KANSAS CITY, Mo. — The Kansas City Auto Show has returned to Bartle Hall after being on hiatus last year because of the pandemic.

Organizers say the industry is still struggling to come back from supply shortages.

Anyone who’s tried to buy a vehicle this year knows it hasn’t been easy. A computer chip shortage has limited the supply of new vehicles, forcing many buyers to wait and pay sticker price or more.

Prices for used cars remain high, with buyers often paying more for a used car than what that same car cost to buy new.

At the auto show, there’s evidence of limited inventory for buyers, with the notable absence of displays from some manufacturers, including Honda. But when consumers are able to get a new car, show organizers claim the vehicles are better than they’ve ever been.

“Availability in the short term is going to continue as it is now,” Larry Carl, CEO of the Auto Dealers Association of Kansas City, said. “Forecasters and economic experts are looking at 2023 and possibly into 2024. This may be the new normal for still another 12 to 18 months. But it’s still very difficult to predict. Recent actions by the administration with the microchip investment may help that, but it’s going to take a while to get online.”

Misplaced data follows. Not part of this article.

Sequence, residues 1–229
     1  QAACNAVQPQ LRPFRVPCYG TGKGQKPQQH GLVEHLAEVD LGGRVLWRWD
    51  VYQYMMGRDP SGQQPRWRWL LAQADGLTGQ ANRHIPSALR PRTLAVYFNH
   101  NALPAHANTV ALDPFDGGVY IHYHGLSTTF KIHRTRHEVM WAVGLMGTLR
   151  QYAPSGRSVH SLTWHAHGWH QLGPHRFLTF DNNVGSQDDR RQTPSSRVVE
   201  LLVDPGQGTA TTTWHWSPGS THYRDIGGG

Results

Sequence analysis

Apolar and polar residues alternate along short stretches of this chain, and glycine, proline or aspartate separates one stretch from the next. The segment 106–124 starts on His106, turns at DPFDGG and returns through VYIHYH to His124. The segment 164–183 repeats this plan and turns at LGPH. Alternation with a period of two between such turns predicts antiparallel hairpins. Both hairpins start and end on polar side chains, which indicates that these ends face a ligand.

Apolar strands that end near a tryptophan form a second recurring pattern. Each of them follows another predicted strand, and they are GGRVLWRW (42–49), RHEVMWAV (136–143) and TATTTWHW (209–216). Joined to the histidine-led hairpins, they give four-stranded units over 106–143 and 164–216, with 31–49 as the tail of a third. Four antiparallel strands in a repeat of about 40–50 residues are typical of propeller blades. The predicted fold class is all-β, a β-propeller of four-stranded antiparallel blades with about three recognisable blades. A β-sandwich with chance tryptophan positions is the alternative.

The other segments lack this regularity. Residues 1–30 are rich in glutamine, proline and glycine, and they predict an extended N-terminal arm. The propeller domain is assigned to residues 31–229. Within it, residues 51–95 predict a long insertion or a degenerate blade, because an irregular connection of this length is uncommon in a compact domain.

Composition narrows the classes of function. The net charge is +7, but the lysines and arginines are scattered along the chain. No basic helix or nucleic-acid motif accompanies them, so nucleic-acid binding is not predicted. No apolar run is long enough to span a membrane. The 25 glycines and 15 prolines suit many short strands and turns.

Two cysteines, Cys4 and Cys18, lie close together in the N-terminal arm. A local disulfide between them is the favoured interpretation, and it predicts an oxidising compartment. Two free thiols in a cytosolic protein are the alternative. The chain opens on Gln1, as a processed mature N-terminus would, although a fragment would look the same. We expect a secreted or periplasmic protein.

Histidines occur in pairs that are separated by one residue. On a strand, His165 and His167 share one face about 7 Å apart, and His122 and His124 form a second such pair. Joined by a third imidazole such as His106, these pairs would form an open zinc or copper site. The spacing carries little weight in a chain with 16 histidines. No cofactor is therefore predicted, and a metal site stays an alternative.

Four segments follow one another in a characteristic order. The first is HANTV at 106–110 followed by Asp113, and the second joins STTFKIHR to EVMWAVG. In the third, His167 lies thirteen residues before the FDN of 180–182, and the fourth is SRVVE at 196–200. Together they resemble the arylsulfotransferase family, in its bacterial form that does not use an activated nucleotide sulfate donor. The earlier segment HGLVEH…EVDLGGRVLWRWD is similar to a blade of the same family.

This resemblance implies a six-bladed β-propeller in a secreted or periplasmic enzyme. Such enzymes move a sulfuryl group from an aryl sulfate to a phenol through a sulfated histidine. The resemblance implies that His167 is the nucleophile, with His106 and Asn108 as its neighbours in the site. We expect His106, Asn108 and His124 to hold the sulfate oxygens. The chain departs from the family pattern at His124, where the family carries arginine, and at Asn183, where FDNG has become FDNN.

Passage of the Inflation Reduction Act has focused attention on electric vehicles, with the government offering a $7,500 tax credit on the purchase of an electric vehicle, beginning for most models next year.

Many of the latest electric vehicles are on display for buyers to check out, including: Ford F-150 Lightning, Ford Mustang Mach-E, Chevrolet Bolt EUV, Volkswagen ID-4, Kia EV-6 and a Subaru Solterra prototype.

There’s also an indoor electric vehicle ride along where consumers can see what it’s like to drive in an electric car.

Admission to the auto show, now through Sunday, is $20 per adult at the box office, or $15 each if purchased online at kcautoshow.com.

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